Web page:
Dr. Homer L. Meade II Obituary

July 4, 2021

Dr. Homer L. "Skip" Meade, II, a passionate educator who spent his life making a difference and being an agent of change passed away on July 2, 2021 from complications related to dementia. Dr. Meade was born in Madison, New Jersey on October 21, 1946, the son of Homer L. Meade and Carmeta Meade. He graduated from Madison High School in 1965 where he was a multi-sport varsity athlete, a member of Madison's undefeated state champion football team, and a respected student government leader. He went on to receive his bachelor of arts from Cornell University in 1969. In 1976, Dr. Meade received his Masters in Education from North Adams State College. The University of Massachusetts presented Dr. Meade with a Doctor of Education degree in 1987.

Dr. Meade's impact on students throughout Berkshire County and Western Massachusetts has been considerable. He taught and coached track at Monument Mountain Regional High School in the 1970's and 1980's. He taught at Simon's Rock in Great Barrington and later at the Berkshire School. He served as a member of the W.E.B Du Bois Department of Afro-American Studies at the University of Massachusetts in Amherst and provided guidance to students as the faculty chair of the university writing program. Dr. Meade reveled in running into former students and took great joy when they shared their stories of success with him. He strongly believed in the potential of every student in his classes. In a 1978 article from the Berkshire Eagle, Dr. Meade stated emphatically, "I am sure there is a poet in every one of the students."

From 1987 through 2013, he worked at National Evaluation Systems and Pearson North America developing and building consensus between state education program sponsors and their public school teachers and college faculty in the adoptions of the performance assessment holistic scoring designs of their teacher certification/licensure assessments.

Dr. Meade's commitment to being an agent of change gained national notoriety in the spring of 1969 when he and other African American students at Cornell University were involved in the takeover of Willard Straight Hall on the Cornell campus. The iconic photo of Dr. Meade and other student leaders leaving Willard Straight after the armed occupation landed on the cover of the May 5, 1969 issue of Newsweek magazine. The photographer later received the Pulitzer Prize for the photo. When asked about the incident in a 2013 article in the Berkshire Eagle, Dr. Meade said the following: "If there is an injustice, we have to right it. When there is justice, then we need to promulgate it. It's not enough to do. To understand the impact of the impact so we can be true and contributive citizens. There needs to be movement of knowledge. That's what I've done."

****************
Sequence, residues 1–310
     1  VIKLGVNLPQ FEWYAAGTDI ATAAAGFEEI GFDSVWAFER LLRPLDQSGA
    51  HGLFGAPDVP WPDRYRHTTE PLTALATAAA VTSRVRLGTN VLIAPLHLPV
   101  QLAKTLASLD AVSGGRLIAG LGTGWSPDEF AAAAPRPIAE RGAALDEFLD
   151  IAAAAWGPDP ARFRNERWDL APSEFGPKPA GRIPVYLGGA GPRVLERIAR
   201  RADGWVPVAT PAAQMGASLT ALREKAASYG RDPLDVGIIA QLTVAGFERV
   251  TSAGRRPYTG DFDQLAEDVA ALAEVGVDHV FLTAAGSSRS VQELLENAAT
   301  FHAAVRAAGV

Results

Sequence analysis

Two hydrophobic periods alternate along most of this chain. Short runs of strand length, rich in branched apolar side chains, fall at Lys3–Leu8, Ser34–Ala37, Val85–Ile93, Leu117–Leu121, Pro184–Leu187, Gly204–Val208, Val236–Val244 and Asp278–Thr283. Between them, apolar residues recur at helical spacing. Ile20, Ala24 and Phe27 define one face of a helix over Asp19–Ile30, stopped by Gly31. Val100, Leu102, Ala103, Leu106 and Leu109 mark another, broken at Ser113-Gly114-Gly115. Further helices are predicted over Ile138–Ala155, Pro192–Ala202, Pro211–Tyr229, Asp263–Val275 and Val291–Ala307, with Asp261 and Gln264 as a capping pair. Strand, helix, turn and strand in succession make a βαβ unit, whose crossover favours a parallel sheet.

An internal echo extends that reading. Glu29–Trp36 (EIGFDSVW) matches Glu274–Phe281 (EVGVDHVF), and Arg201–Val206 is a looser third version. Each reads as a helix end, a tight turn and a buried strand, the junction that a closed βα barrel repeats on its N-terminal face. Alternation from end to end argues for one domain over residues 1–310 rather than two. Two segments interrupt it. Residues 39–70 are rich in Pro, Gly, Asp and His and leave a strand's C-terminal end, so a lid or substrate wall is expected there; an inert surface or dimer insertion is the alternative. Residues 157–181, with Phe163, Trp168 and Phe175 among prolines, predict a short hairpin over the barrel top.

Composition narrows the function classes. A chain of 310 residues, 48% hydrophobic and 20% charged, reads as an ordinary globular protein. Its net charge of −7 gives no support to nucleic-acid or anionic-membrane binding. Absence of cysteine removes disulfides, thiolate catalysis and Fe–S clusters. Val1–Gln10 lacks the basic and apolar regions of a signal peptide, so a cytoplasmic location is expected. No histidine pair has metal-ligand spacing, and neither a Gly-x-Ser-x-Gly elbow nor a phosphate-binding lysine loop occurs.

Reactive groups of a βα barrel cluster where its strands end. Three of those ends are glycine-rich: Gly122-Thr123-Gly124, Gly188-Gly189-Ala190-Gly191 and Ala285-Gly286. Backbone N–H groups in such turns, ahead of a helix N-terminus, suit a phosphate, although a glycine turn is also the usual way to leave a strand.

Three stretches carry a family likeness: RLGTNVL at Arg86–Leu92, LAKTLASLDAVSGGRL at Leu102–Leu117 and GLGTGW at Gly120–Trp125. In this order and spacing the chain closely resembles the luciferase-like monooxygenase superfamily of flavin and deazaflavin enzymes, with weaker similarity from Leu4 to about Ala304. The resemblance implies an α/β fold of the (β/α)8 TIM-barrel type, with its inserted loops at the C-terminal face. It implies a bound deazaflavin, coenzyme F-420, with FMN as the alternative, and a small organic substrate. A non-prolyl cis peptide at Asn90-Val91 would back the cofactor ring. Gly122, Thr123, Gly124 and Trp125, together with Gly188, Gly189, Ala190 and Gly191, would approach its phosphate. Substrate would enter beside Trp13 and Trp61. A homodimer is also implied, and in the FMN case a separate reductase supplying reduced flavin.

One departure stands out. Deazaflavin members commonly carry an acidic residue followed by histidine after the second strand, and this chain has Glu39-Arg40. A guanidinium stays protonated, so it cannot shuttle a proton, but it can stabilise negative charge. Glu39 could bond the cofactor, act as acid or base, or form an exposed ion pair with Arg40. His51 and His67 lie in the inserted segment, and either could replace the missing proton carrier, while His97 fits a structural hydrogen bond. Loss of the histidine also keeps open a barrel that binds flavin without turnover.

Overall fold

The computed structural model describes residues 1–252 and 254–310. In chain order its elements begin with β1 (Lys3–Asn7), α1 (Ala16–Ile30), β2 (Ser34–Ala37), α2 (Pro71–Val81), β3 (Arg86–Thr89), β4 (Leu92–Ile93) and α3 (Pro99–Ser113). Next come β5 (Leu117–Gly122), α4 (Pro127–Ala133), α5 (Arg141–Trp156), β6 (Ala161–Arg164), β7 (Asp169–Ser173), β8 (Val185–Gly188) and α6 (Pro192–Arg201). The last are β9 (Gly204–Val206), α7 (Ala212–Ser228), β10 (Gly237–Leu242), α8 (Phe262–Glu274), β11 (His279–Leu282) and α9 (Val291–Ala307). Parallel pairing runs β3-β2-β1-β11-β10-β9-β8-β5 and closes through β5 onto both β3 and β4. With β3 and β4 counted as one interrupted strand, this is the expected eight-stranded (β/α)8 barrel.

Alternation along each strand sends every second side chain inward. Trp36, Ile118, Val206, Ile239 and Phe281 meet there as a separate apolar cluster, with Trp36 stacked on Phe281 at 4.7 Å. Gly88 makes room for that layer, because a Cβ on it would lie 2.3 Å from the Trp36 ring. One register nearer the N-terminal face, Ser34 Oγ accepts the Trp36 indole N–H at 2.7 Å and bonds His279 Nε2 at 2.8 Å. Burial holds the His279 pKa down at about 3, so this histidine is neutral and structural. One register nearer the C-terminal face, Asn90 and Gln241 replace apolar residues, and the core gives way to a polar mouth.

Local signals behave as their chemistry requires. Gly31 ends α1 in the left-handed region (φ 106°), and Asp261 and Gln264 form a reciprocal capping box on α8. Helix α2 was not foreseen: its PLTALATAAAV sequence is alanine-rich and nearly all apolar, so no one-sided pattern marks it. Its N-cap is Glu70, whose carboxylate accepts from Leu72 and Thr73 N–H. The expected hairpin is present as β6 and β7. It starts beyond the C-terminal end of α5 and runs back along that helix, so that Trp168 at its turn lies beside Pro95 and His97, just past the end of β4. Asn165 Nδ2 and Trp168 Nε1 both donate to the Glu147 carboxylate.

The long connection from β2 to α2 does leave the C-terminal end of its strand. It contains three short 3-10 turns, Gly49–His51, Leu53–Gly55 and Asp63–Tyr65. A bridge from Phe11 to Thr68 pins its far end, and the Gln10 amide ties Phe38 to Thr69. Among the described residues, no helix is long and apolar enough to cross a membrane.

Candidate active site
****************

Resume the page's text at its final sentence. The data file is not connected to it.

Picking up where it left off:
In 1979, Dr. Meade celebrated one of the crowning achievements of his life. He served as the program coordinator for the W.E.B. Dubois Memorial Committee responsible for the National Historic Landmark designation of Dr. Dubois' boyhood home site in Great Barrington. Over 900 people attended the historic event including Julian Bond, representatives from the Washington Embassy of the People's Republic of China and the Ambassador to the United States from Ghana. Dr. Meade in an editorial in the Berkshire Eagle described Dr. Dubois as an "educated an honest man... [who] was one of the best educated and clearest thinkers of this century." Dr. Meade's fierce determination and passion for this cause was typical of his approach to life.

Dr. Meade was a strong believer in the importance of community and had an intense appreciation of the natural beauty of Berkshire County. In addition to serving as the president of the Laurel Hill Association he volunteered at Upper Housatonic Valley National Heritage Area, Berkshire Country Day School and many other worthwhile organizations.

Dr. Meade received many awards and recognition for his accomplishments. Most recently in 2019, the Berkshire County Branch of the NAACP presented Dr. Meade its Change Maker Award because of his work crafting curriculum and teacher standards for a new generation of Americans.

He is survived by his wife of 49 years, Paula of Stockbridge and his son Matthew (Eileen) and his two grandsons Riley and Everett all of Pittsburgh, Pennsylvania.

His life will be celebrated at Memorial Service on August 28, 2021 at 11:00 am at St Paul's Episcopal, Church 29 Main Street, Stockbridge, MA Memorial Contributions may be sent to W.E.B. Dubois National Historic Site, P. O. Box 611, Great Barrington, MA 01230